As the sun set over the desert, we settled in for dinner in the small tents nestled between the dunes. Our guide, a young Amazigh man from Merzouga, invited some friends over, and we all shared a delicious tajin. We discussed the proper length of the scarves (they thought that anything shorter than 5 or 6 meters was useless), learned some words in the local Amazigh language, and were implored over and over to eat more. After dinner and some drumming, our guide declared it was time for telling jokes. They shared some local jokes, which can only be fully appreciated by people who live with the sand, heat and dry wadis of the desert. When they ran out of jokes, we were asked to share. Tentatively, I began telling the one from class, using darija mixed with words in Standard Arabic, some English, some Spanish, and a healthy dose of hand motions. At the punch line, they actually laughed, probably as much from the joke itself as from my attempts at saying it. For me, the success of the joke transformed the situation from just tourists coming to see the dunes, to fully experiencing not only the landscape, but also the people and culture as well. A little darija, even in the desert, can go a long way.

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Surfing with the King

Friday was already going to be an adventure. I was convinced by a couple of friends to try surfing at one of the surf clubs along the coast of Rabat. Overlooked by Oudaya, the ancient cliff fortifications, the shore provides Rabatis some open space – albeit strewn with discarded bottles and plastic – to play soccer or swim. I have never been surfing before, and the idea of attempting to balance on a board in the tumulus surf seemed ludicrous. Yet, I relented, even at the cost of missing the weekly family couscous lunch. Warm noontime sun bathed the streets of the city as we flagged a cab towards the medina. We wore jeans above our bathing suits to remain modest throughout our journey to the beach.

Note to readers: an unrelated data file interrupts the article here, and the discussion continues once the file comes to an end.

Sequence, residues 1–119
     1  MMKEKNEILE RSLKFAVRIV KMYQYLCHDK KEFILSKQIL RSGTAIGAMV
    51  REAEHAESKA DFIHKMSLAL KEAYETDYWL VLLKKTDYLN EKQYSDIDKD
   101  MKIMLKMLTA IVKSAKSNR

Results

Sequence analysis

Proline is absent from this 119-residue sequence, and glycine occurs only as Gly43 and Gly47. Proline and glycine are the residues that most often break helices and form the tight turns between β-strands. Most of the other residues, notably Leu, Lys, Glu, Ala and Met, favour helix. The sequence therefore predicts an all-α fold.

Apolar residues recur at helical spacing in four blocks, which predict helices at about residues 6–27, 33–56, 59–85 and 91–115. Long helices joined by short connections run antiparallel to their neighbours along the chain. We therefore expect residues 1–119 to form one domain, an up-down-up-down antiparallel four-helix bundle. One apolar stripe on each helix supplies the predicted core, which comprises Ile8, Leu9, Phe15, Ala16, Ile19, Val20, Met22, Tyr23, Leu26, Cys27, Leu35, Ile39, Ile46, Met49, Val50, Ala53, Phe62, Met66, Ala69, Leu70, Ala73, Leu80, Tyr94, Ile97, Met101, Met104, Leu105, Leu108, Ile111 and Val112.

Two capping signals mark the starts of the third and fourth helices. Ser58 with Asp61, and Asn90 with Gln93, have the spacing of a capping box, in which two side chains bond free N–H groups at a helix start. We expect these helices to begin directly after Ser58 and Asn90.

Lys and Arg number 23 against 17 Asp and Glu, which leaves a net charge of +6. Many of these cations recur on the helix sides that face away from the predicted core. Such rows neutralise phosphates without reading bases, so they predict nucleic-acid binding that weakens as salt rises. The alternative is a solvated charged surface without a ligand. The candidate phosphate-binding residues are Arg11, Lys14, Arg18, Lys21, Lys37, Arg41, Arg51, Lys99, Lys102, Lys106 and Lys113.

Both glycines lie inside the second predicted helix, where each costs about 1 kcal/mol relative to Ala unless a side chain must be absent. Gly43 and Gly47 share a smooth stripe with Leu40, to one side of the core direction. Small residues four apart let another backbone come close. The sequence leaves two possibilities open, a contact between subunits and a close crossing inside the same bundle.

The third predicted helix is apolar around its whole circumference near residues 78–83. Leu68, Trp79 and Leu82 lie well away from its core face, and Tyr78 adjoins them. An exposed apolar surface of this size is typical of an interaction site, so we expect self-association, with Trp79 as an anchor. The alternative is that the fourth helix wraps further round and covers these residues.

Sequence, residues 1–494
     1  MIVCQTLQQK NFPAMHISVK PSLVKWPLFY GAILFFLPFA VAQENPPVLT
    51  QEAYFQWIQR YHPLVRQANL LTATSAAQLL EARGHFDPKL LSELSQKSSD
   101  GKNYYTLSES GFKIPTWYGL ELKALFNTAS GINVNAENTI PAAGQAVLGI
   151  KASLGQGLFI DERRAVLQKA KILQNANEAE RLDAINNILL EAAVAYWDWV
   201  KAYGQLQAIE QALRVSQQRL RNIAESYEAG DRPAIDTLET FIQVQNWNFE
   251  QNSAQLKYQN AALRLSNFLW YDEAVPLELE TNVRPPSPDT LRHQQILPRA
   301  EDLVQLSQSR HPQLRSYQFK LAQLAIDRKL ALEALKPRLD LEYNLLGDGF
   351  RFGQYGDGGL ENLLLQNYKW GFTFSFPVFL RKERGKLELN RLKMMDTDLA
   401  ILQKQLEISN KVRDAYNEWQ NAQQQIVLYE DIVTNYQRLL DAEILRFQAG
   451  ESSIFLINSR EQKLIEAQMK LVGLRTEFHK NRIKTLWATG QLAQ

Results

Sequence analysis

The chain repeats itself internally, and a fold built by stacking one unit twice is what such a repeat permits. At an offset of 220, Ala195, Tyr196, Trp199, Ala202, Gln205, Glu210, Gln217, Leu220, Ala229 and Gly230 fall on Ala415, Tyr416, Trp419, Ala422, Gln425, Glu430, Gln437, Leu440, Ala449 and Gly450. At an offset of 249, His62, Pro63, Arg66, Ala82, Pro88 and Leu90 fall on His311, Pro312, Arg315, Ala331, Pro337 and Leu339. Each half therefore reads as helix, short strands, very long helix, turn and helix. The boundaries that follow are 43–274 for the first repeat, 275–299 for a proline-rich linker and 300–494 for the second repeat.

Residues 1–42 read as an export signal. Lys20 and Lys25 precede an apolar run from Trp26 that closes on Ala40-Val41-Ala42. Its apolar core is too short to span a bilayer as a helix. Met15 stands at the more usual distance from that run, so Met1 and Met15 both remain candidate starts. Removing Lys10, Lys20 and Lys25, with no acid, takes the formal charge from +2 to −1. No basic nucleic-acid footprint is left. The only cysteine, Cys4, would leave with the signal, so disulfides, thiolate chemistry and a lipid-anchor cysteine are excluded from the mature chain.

Oudaya

Oudaya

Large crowds were awaiting us at the medina. As we stepped out of the cab, a festive mood greeted us, and the excitement in the air was palpable. Mobs of onlookers thronged past the main square of Bab al-Had to a smaller, fenced off entrance in the medina’s walls. Men donned in white jalabas – the traditional Moroccan dress – and red caps stood waiting, surrounded by policemen along the periphery of the temporary fence, a protective barrier from the pulsing crowd. All around, young and old Moroccans were holding small red and green Moroccan flags and clutching pictures of the king. A troop of young, rowdy school children briefly halted their horseplay and erupted into a chant in praise of their king. The cheer spread through the crowd, accompanied by a burst of red of the waving flags. Somewhere from within the enclosure a drum was striking a beat.

Suddenly, royal guards donned in white capes and holding large flags streamed out and assembled in formation alongside the path leading to the small gate. Other guards rolled magnificent traditional carpets, covering the sidewalks and tram rails. Traffic stopped. Anticipation filled the air. The whole crowd leaned precariously forward, risking tipping over for a brief glimpse. And then, a motorcade of sleek, back limousines and police motorcycles pulled to a stop in front of the entrance to the medina. The door opened, and to the sound of cheers and trumpets, out stepped a man in a golden jalaba: the king. Smiling and waving, the king passed by the flag bearers, the advisors clad in white, and the stiff policemen, and entered the medina for the Friday afternoon prayer.